Unique assets are all unique and are not fungible. Examples of these could include a car or a house — each instance of which is different from every other instance.
In the future, the iov42 platform will recognize a third asset type category—structural assets. Structural assets are assets that have a relationship that must be maintained, most commonly a singular collective asset with individual component assets. A block of flats is a good example of a structural asset: the block itself is an asset, while each individual flat is also an asset, and the relationship between the whole and its parts is fixed.
Single identity — multiple accounts
Every asset on the iov42 platform must have an owner. It should be noted that the owner of an asset can be different to the identity that created the asset type.
An identity on the iov42 platform can own any number of different assets. Quantitative assets can be split into different accounts, similar to having multiple bank accounts of the same currency.
This approach has several benefits:
- Performance — partitioning of processing and storage by asset type and identity removes contention and bottlenecks seen on some other platforms
- Functionality — each asset type can have different functionality based on their own requirements
- Permissioning — intrinsic separation will facilitate clear permissioning models
- Adaptability — future legislation may affect certain asset types and this can be handled without affecting other asset types
Once assets are represented digitally and their ownership clearly defined in a trusted manner, then the opportunities to transfer those assets will lead to a whole new class of digital value transfer.
Claiming and endorsing assets
Similar to identities on the iov42 platform, assets and the accounts that hold them can also have claims and endorsements. However, only asset types and unique assets can have claims and endorsements. It doesn’t make sense for quantitative assets to have them, because a quantity of something is neither unique nor constant. However, an asset owner can make a claim about an account that holds quantitative assets.
For example, I could make a claim that my SavingEUR account is anti-money laundering (AML) compliant.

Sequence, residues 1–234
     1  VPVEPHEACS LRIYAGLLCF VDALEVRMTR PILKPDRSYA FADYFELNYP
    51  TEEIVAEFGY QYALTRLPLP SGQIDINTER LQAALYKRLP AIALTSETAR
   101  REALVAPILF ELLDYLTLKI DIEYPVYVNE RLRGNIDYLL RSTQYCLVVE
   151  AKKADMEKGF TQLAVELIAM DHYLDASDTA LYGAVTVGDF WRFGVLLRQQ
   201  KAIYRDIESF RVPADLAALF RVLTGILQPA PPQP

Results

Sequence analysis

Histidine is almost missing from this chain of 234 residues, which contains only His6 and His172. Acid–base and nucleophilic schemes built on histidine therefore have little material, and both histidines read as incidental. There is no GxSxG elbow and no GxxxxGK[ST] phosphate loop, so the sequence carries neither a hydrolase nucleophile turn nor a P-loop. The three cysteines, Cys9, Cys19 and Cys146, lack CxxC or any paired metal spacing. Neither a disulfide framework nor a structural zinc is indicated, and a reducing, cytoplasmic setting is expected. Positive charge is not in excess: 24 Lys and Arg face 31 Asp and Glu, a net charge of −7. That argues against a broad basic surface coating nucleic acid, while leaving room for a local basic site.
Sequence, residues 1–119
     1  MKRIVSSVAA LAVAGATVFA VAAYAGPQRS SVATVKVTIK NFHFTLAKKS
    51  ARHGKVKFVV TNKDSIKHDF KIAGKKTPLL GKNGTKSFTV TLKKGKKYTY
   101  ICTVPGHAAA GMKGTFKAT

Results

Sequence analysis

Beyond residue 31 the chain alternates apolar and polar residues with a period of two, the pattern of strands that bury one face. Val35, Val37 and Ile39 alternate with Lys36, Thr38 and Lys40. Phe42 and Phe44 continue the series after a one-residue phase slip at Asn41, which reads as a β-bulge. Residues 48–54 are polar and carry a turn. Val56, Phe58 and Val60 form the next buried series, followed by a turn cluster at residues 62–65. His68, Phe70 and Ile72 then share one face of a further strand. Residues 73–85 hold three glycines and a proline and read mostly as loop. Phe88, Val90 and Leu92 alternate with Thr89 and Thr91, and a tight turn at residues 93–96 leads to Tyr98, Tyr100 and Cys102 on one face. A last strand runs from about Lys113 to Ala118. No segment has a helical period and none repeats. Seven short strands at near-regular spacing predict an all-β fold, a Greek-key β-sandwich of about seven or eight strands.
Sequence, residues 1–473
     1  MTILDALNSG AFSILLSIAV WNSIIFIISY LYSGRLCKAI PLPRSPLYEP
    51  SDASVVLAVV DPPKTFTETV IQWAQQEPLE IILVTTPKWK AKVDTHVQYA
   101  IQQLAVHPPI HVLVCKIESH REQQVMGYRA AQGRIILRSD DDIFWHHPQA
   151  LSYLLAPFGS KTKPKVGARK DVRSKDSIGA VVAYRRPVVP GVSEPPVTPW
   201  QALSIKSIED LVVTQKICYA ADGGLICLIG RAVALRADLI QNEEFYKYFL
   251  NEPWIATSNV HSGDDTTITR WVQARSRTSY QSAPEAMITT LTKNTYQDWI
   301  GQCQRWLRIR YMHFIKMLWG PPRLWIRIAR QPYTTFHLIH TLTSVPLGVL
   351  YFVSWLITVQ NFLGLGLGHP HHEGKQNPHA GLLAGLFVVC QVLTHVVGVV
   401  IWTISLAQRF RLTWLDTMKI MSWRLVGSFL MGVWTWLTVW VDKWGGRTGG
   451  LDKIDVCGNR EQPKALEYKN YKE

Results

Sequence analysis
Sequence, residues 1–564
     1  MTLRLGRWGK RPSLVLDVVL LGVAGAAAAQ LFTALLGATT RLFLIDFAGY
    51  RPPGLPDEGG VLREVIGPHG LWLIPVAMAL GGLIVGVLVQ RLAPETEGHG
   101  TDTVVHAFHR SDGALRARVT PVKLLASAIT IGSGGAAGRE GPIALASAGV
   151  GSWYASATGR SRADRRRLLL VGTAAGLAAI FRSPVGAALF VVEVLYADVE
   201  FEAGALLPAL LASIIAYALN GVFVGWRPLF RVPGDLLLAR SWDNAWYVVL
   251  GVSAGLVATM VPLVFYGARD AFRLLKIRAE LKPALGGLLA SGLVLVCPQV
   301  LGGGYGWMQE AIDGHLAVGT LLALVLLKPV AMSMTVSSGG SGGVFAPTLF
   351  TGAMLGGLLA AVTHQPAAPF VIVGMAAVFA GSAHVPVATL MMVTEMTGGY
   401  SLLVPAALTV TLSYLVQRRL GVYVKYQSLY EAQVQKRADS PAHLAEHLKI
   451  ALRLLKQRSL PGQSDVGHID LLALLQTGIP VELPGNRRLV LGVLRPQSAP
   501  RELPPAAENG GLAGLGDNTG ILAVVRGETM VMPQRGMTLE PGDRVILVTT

When an asset owner creates an asset type or owns a unique asset or an account, it can be endorsed by a regulatory body, which bolsters the asset’s trustworthiness. Building trust in assets is particularly important when considering regulatory compliance.
On the iov42 platform, asset owners can transfer and exchange the ownership of assets.
Atomic Swaps on the iov42 Platform
Across the DLT industry, an atomic swap usually refers to the exchange of cryptocurrencies across different blockchains without a centralized exchange. More generally, an atomic swap describes a peer-to-peer value exchange that is only executed once both parties transfer their agreed-upon assets.
The basic concept of an atomic swap has been built into the design of the iov42 platform so that the swap of assets are inherently atomic—either an exchange of assets happens in one instantaneous transaction, or it fails. The platform’s design makes it impossible for a transaction to be half-complete or in any other stuck state. This feature is important because it eliminates the risk of one party not fulfilling their side of the transaction.
Let’s say Alice and Bob are two identities on the iov42 platform and Alice has decided to transfer ownership of her car to Bob in exchange for 20,000 euros. When Alice and Bob authorize this transaction, either the transaction will be successful and the swapping of assets will happen simultaneously (atomically), or it will be denied and the transaction will not proceed.
The iov42 platform can also support multiple legs in a single atomic transaction, which could look something like this:
- Alice sends Bob her car and surfboard
- Bob sends Alice 20,300 euros
- Bob sends Carol his vintage electric guitar
- Carol sends Bob 5,000 euros
- Carol sends Alice her electric bike
- Alice sends Carol 1,500 euros
Distributed Asset Allocation
The iov42 platform supports a process called “Distributed Asset Allocation” (DAAL), which includes reserving assets, and in doing so allows multiple, overlapping transactions to be performed against the same account, while preventing double spending.
DAAL takes place during the consensus reaching process. In determining the validity of a transaction, the voting nodes will reserve the appropriate balance against the account that submitted the transaction. In the case of unique assets, such as Alice’s car, the “balance” of this one asset is reserved. If there is an insufficient balance for a requested transaction, it will be rejected.
DAAL is analogous to what happens when you use your bank card during a shopping trip—you may use it multiple times throughout the day at different shops. As long as you have sufficient funds in your account, each transaction will go through, even if the money won’t actually be debited from your account until one or two business days later.
Building for performance and scalability
Building for performance and scalability
In traditional blockchain models, having more nodes within a system improves resilience against system-threatening events such as power outages, other technological failures, or certain exploits. Some blockchains are being run on thousands of nodes.
However, an increasing number of nodes does not necessarily improve the performance of classic blockchains. If each node must process and record all of the blockchain’s transactions, as well as store other related data (e.g. cryptocurrency wallet balance, smart contract code, etc.), the performance of the blockchain could be greatly limited by the computing and storage capacity of one node, as well as the need to use slow consensus algorithms to prevent unwanted interventions.
The traditional blockchain model of a single device serving as a node simply does not scale.